We can't say this about every factory Mustang aluminum rim, but Ford has surely nailed the last two Cobra Rs. The '95s will go down as one of the best Mustang wheel designs of all time, and the '00s carry on in the grand tradition. Massive 18x9.5-inch dimensions are a perfect match for the generous wheelwells of the '99-'04s, such as Craig Kensler's '01 featured here.
Growing up in a Ford-crazed family, perhaps it was inevitable Craig Kensler would end up following the path blazed by both his parents. It's the kind of upbringing most car fanatics aren't privy to but would have loved to been part of. We're talking about a clan devoted to vintage road racing a pair of Shelby GT350 replicas. Craig tells us he began working on the cars at the tender age of five. OK, so "work" in the preschool years may have been limited to cleaning the brake dust off the American Torque Thrusts, but it was obviously the springboard to greater things Ford.
The Mineral Gray GT was shining in full glory the morning of our photo shoot, leaving no d
When it came time for driving age, Craig dabbled with early Mustangs but ended up being infatuated with the power and style of what we've come to know as late-models. After crossing paths with a couple of used SN-95 platforms, Craig finally decided to purchase a brand-new pony from which to modify-setting his sights on the recently announced Bullitt, which obviously dates our story to 2001. He actually went so far as to place an order at his local Ford dealer in Tacoma, Washington, then began a several-month wait for the coveted special model's arrival.
Cooling his heels turned out to be a good thing in this instance, as it provided a chance to reevaluate the upcoming purchase. Shortly prior to the Bullitt's delivery, Craig spotted a Mineral Gray GT prowling the local streets and quickly became enamored by the new-for-2001 hue. Of course, with the Steve McQueen special being limited to black, blue, or green, Craig found himself at something of a crossroads. The Bullitt would surely be something special, but a GT would offer the color of choice, while helping give a jump-start to planned modifications through its somewhat lower purchase price. In the end, you can see which car won out.
By the summer of 2001, Craig's hardtop sported typical bolt-on suspension pieces, which gave him a competent platform for which to take part in his first open-track event at Portland Inter-national Raceway. You could say it was love at first drive, and such club activi-ties proved the impetus for the more extensive modifications that were fitted at the time of our photo shoot. Clearly the most impressive upgrades are hidden from view, where a catalog's worth of Maximum Motorsports components have transformed the stock, understeer-dominated driving characteristics into a balanced corner carver. Nearly every trick in the book was installed by Craig and his dad, from Maximum's tubular K-member and control arms to the torque arm, Panhard bar, adjustable rear sway bar, and Bilstein-equipped coil-overs at all four corners.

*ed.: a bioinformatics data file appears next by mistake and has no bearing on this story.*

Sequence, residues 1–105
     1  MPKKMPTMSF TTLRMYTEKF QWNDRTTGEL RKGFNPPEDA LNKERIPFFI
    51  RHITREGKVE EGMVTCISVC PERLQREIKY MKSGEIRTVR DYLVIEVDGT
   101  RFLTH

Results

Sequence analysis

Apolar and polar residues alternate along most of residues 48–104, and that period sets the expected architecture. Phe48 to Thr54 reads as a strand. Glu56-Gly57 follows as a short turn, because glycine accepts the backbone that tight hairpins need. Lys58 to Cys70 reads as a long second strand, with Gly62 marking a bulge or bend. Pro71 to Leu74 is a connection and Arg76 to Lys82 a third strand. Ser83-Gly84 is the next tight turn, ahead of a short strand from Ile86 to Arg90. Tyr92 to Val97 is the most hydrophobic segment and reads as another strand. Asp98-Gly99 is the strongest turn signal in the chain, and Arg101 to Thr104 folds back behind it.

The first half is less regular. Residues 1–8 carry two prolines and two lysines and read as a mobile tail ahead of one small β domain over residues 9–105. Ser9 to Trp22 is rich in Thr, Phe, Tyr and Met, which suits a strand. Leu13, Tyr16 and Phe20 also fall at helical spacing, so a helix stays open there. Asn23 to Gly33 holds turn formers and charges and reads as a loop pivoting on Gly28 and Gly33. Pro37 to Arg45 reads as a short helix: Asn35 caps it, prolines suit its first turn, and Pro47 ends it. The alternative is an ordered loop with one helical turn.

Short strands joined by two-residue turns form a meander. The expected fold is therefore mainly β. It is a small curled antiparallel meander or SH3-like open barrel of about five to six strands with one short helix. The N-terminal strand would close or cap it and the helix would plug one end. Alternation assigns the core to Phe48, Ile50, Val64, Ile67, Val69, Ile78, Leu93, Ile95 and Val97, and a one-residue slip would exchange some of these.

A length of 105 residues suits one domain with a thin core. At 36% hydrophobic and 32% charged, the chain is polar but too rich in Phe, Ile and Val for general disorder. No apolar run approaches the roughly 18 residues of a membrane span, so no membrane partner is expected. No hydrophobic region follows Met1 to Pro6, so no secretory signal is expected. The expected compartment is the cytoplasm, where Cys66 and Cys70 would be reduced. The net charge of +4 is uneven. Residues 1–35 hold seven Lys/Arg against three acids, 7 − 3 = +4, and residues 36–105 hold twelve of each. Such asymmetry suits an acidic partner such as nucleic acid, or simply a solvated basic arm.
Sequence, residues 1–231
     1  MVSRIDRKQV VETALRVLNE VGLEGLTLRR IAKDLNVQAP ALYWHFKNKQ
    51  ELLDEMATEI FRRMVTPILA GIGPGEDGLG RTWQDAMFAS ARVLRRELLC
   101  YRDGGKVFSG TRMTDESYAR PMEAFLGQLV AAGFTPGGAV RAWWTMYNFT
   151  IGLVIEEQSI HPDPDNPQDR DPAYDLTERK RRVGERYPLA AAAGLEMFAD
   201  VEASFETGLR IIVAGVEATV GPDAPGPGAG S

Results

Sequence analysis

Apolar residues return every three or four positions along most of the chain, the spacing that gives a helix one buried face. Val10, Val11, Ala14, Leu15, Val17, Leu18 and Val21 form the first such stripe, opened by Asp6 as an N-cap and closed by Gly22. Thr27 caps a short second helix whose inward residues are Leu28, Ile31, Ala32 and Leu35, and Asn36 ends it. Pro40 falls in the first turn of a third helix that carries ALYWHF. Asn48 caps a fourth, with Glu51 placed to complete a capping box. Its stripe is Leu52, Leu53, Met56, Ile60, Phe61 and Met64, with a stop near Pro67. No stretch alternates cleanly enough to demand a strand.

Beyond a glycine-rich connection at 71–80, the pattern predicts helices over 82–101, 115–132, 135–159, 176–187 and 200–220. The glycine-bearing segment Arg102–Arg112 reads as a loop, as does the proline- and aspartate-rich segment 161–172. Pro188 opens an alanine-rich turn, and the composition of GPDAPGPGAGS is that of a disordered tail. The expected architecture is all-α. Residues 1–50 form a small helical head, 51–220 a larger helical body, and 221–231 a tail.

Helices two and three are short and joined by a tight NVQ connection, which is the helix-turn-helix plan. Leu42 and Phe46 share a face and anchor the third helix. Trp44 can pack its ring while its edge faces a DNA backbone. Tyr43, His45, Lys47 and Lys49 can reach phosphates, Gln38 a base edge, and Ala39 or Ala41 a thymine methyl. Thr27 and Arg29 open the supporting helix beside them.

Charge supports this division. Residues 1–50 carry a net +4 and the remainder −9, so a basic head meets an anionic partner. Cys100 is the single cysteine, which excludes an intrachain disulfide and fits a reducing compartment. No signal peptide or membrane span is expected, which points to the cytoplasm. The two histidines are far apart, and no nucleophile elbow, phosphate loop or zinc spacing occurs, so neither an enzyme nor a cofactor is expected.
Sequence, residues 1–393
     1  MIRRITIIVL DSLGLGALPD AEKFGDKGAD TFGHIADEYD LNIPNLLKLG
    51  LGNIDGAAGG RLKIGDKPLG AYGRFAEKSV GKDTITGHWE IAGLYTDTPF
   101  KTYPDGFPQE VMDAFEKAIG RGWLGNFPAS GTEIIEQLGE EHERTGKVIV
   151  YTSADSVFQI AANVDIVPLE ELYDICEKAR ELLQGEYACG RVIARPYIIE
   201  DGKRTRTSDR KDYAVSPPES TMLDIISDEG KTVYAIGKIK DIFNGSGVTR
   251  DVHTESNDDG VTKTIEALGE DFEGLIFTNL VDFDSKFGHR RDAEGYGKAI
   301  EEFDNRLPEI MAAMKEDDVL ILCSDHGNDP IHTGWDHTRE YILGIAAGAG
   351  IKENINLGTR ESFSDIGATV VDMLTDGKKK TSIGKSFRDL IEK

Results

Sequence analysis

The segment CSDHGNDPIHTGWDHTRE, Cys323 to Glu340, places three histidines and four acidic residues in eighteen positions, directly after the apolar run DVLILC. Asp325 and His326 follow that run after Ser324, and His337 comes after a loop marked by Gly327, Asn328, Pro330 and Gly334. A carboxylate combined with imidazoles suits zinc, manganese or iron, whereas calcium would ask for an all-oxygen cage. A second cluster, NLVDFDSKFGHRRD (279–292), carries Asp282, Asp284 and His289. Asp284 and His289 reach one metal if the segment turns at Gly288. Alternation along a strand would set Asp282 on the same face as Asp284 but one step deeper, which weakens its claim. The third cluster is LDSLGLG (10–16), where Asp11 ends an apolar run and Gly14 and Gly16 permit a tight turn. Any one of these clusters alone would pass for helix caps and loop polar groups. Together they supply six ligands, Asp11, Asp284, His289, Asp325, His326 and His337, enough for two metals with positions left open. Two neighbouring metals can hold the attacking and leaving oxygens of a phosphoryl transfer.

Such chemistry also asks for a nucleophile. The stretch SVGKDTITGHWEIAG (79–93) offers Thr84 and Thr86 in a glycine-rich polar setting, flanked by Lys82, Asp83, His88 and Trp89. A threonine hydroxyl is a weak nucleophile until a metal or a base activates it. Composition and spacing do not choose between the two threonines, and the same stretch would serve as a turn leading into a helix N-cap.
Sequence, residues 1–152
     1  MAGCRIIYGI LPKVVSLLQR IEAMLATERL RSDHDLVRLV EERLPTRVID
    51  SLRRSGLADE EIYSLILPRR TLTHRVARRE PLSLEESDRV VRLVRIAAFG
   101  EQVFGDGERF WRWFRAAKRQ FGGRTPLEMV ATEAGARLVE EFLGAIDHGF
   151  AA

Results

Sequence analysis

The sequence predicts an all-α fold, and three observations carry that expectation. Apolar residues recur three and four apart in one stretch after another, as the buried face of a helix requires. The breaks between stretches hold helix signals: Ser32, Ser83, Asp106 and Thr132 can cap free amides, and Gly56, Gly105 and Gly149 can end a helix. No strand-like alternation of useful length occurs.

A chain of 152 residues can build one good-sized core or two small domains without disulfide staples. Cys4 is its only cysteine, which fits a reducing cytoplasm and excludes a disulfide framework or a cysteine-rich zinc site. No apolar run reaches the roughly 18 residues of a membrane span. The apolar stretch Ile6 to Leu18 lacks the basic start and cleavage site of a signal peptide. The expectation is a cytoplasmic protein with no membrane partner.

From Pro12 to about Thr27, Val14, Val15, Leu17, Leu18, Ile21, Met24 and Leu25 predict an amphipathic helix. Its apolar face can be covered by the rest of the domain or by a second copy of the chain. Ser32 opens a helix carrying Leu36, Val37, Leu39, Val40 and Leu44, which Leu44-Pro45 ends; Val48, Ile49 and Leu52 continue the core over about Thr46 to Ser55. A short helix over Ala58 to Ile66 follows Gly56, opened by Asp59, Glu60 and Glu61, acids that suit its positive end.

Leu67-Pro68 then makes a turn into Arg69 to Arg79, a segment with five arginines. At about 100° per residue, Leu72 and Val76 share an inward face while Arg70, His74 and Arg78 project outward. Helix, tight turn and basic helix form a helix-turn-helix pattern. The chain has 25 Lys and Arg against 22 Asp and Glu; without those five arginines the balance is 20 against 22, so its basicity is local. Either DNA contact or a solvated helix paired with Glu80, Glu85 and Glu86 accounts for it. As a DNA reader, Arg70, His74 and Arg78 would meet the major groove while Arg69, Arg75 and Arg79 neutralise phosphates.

More visible are the wheel and brake upgrades, scooped mostly from the '00 Cobra R parts bin. Those are Brembo four-pot calipers squeezing slotted rotors up front, augmented by Hawk pads and stainless lines. The rears may see Cobra pieces fitted in the future, but for now the stock arrangement makes due with upgraded pads and rotors. Cobra R 18x9.5-inch castings are genie Ford Racing Performance Parts offerings, with the standard finish that's consistent with an open-track theme.
While Craig plans to swap the stock buckets for a set of Sparcos, he's already ditched the
We imagine Craig's GT to be an enjoyable car to thrash around a road course with the stock 260 hp, but you know he wouldn't be content to stand pat there. While the engine itself remains buttoned up from the factory, it's hung with a Vortech SQ blower and FRPP stainless headers-the first component in an upgraded exhaust that features a MagnaFlow X-pipe and mufflers, and simple turndowns. Underneath, a Canton road-race pan holds 7 quarts of Ford synthetic, making sure the engine doesn't die a premature death due to lack of lubrication. Further back, a T56 six-speed takes the place of the original T45, which failed unceremoniously during the GT's first year.
Craig is fortunate to have his GT reserved for weekend duty, avoiding the dings and dents that so often accompany the daily drive. While the miles remain low, the fun factor is clearly high, with multiple track events and auto-crosses now in the books. Not content to stay close to his Tacoma home, Craig has traveled with friends Brian Bogden and Dave Lennartz to California for a session at Thunderhill, with plans for more out-of-town track days in the future. And has Craig any regrets about missing out on that special-edition Bullitt? Well, with a GT packing this much ammo, would you?